Members leaving worship at First Mennonite Church, Allentown, Pennsylvania in 1958. This photo was one of a series promoting expansion of the church building at that time. By the late twentieth century, demographics had changed and the First Mennonite Church declined in membership, with nearly all members living outside the city. In 2006, the congregation closed, and the building was taken up by the Eastern District Conference for a English-Spanish bilingual church plant called Christ Fellowship.
Forrest Moyer, Archivist, Mennonite Heritage Center
Brick Mennonite Church is located one mile west of Richfield, Pennsylvania. The building was constructed in 1868 and replaced an 1800 log meeting house. It has not been used for regular services since the 1930s and has been restored by the adjoining Juniata Mennonite Historical Center.
Interior of the restored Brick Mennonite Church located one mile west of Richfield. The restored building is used for an annual public hymn sing, the third Sunday in September, and other special events by appointment.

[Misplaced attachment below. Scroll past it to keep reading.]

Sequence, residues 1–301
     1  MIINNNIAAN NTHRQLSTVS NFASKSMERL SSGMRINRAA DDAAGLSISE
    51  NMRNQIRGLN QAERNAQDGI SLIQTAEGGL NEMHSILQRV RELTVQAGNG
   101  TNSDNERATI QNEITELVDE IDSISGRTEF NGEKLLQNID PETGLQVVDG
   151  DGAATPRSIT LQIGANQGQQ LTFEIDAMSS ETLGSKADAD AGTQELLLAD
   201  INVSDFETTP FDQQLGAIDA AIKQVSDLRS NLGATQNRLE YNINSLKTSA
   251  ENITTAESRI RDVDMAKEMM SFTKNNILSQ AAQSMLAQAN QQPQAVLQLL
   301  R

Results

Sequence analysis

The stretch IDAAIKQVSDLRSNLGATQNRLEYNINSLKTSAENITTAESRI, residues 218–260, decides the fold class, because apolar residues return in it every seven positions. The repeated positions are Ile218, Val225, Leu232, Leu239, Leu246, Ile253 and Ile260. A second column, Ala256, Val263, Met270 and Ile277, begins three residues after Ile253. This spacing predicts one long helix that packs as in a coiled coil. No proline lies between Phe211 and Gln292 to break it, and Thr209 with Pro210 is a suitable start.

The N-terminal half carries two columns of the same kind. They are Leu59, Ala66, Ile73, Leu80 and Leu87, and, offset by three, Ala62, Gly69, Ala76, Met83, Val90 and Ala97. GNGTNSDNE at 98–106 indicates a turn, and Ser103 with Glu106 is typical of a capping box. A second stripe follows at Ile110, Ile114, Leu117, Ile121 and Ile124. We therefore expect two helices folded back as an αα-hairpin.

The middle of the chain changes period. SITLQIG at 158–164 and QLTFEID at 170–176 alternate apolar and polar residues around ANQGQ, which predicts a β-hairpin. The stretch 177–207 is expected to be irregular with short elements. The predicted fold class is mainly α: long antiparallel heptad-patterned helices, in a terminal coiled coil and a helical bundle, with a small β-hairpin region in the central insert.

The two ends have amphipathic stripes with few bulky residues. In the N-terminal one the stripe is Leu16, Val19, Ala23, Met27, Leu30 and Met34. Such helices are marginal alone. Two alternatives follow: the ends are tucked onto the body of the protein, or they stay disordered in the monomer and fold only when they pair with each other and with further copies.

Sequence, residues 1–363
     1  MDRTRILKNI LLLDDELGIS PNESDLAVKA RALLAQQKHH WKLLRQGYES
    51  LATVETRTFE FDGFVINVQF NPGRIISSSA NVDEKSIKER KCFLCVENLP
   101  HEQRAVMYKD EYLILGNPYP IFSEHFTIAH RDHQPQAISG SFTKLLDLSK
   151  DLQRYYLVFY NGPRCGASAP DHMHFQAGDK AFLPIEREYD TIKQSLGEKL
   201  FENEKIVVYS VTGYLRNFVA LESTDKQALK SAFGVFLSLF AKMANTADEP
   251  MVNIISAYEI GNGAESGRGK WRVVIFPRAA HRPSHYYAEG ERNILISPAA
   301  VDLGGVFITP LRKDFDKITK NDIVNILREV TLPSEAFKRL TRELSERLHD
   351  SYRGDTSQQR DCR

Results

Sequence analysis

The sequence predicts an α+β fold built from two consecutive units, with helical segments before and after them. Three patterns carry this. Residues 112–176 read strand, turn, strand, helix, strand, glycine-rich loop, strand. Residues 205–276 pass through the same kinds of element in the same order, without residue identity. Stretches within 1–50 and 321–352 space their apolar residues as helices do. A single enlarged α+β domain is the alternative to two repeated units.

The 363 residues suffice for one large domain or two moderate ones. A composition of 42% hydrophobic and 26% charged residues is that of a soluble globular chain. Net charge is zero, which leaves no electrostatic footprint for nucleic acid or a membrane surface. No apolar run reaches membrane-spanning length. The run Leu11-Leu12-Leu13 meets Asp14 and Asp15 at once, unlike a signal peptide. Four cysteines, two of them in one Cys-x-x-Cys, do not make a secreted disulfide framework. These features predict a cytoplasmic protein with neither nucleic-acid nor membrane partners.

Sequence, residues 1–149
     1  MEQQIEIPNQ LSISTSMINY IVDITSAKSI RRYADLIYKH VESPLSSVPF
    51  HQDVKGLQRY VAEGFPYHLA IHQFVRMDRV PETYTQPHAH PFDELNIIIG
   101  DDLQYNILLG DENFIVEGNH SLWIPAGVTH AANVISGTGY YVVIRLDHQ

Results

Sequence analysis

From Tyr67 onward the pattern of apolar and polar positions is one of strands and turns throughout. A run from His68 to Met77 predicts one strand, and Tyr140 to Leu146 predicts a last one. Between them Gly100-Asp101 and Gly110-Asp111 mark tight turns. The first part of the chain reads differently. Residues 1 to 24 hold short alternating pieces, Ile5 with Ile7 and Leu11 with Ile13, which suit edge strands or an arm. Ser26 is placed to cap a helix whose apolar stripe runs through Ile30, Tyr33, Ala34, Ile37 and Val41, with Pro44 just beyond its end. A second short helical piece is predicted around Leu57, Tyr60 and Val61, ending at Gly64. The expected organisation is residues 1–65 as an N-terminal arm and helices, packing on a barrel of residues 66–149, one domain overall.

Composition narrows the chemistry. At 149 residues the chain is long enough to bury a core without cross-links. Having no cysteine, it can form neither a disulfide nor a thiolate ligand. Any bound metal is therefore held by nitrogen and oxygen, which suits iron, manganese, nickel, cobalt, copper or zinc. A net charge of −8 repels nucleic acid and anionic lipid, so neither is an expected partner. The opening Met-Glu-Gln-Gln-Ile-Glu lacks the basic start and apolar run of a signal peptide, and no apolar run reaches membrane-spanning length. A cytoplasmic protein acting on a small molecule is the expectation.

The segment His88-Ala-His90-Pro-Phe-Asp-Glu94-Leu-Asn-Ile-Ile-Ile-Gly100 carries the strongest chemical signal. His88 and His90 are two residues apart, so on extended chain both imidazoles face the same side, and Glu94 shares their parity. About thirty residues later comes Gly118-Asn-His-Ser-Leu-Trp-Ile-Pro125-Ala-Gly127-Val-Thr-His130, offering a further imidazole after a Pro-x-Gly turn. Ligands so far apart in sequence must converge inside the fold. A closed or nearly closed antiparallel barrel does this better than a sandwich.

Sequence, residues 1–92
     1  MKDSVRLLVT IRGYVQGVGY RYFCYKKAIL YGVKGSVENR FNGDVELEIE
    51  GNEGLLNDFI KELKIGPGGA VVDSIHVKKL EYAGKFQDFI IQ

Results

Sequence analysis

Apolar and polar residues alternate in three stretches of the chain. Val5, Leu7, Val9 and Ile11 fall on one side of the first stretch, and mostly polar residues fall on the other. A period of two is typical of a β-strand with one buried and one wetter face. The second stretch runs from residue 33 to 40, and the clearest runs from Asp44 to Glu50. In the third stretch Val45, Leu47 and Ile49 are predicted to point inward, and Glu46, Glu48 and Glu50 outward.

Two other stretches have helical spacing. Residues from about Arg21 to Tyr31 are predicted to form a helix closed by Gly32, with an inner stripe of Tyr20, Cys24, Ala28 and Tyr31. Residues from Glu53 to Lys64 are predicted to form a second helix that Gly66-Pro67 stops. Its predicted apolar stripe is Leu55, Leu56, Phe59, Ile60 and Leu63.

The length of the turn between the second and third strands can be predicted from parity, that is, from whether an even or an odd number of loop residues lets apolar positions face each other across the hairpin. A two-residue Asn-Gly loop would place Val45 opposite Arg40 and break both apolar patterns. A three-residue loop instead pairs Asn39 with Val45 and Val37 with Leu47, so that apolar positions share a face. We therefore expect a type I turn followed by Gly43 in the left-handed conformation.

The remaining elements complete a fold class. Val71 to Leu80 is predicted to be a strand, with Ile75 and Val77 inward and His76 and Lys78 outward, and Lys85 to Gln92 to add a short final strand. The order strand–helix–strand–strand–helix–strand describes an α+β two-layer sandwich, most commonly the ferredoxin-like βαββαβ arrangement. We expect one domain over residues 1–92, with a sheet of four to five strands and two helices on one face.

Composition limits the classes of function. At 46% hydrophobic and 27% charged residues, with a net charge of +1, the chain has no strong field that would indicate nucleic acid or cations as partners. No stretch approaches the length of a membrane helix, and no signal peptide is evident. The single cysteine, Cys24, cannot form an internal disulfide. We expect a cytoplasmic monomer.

Brick Mennonite Church cemetery in foreground with south end of the church in view. Directly across the road is the former John Kurtz farm. This family lost five infants and toddlers before 1872. When the diphtheria epidemic came through the Juniata Valley in 1872, they lost six of the seven surviving children in one week. The parents and eleven children are buried in this cemetery.
All photos courtesy of Beidler collection -Juniata Mennonite Historical Center